11 N. Latah Street
Boise, Idaho 83706
The Bench Neighborhood
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Temple Ahavath Beth Israel has a long and important history in Boise. Moses Alexander founded Idaho's first temple, Beth Israel with 25 of the 100 Jews in 1895 and construction was completed in 1896. The temple was built on land on 11th and State streets downtown which was purchased for $1,700. Designed by architectural firm of Chestney and Schroeder, the building included a "modernized Moorish." yet Romanesque, feel that was patterned after similar buildings in Spain. The structure itself was built of Boise sandstone, alternating with white and reddish pink. Adorning this are cedar shingles and stained glass ornate windows. These windows in particular were worn down over time and were a target of the 1980-1981 renovations, under the direction of Ron Thurber and Fred Walters. Additional areas of focus were the window trim and the addition of new ark doors to the front of the building which were patterned after a set of original pocket doors found in the walls. Also, Thurber and company restored the original hand made Star of David which, interestingly, was kept on the mantle of his office fireplace for a while. Evidently the placement of the Star and its ceremony was stalled until after an Aryan Nation conference had left Boise out of respect for the Temple according to Mr. Thurber. Renovations were carried out in response to the adding of the Temple to the National Register of Historic Places, which provided preservation funds. The total cost of the improvements was the sum of $34,000. Upon finishing in October 1981, the Temple held a rededication ceremony attended by 350 people. The Temple was also opened up to the public shortly after on October 17, drawing 4,000 visitors. As a result of the renovation there was a renewed pride in the building and the congregation's membership grew greatly in size. Adding to the prestige is the fact that the Temple is the oldest synagogue in continuous use west of the Mississippi River. By 1994 about 210 families were in full attendance, but the synagogue was only designed to hold 150 people. This created a need for more room especially on Jewish holidays, which prompted the movement for an eventual relocation of the Temple. At 1 AM on October 26, 2003 the Temple was moved to Latah Street, situated behind Morris Hill Cemetery. The 60 ton, 108-year-old structure was moved onto huge dollies and physically pushed to the new location. Photographs were taken before the Temple was moved so that the sand stone base could be meticulously recreated. The Temple has since become a part of the expanded, $2.8 million Jewish Religious Center.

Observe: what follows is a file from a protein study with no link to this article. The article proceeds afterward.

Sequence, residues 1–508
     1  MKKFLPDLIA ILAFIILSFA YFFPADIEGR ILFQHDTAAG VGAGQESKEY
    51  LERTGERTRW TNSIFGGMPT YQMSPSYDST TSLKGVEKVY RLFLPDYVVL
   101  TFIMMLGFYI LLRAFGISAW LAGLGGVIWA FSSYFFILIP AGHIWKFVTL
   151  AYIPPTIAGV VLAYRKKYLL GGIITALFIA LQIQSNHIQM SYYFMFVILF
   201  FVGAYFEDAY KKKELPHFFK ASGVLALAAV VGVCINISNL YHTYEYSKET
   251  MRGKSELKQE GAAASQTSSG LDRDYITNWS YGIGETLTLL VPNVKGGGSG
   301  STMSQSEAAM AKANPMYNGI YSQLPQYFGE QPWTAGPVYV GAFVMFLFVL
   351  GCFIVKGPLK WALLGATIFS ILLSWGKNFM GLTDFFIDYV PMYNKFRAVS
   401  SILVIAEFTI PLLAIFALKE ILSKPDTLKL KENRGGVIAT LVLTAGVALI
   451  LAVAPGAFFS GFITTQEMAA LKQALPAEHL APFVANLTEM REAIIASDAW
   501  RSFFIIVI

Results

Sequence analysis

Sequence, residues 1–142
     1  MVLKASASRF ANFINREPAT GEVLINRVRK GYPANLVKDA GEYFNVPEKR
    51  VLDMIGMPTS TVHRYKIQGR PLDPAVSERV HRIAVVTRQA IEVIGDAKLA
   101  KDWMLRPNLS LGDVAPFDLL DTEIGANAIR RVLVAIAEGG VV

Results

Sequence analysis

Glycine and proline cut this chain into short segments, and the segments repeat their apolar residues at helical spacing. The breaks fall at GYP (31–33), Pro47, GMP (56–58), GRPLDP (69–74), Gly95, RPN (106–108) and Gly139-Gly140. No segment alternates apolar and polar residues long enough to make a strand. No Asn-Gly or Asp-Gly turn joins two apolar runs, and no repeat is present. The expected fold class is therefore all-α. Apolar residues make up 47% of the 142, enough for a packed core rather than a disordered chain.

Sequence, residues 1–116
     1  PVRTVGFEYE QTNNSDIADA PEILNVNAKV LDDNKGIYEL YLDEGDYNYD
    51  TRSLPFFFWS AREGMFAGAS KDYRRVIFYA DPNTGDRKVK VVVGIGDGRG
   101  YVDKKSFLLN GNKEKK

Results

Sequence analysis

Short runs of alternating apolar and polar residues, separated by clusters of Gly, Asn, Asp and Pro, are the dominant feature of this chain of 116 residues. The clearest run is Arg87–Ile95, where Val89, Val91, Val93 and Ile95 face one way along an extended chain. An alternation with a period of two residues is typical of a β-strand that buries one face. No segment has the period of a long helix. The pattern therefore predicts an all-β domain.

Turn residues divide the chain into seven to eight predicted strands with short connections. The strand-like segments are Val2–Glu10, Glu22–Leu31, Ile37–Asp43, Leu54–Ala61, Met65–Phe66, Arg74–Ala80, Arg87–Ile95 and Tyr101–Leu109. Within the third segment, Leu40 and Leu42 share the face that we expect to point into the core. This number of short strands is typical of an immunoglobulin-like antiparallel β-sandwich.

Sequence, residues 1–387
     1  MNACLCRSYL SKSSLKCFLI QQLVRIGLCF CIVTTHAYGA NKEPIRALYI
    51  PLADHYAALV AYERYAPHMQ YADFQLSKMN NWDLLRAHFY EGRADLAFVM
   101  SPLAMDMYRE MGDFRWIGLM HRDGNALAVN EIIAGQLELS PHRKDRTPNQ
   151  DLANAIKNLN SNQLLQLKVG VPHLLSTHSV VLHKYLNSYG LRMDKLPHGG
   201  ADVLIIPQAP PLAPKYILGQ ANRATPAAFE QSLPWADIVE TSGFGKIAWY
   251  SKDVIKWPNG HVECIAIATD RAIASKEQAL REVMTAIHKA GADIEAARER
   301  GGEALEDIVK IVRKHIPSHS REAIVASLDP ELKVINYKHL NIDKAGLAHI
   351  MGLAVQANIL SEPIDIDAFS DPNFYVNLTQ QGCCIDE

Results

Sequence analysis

Building submitted by Allie Vrable and Casey Byron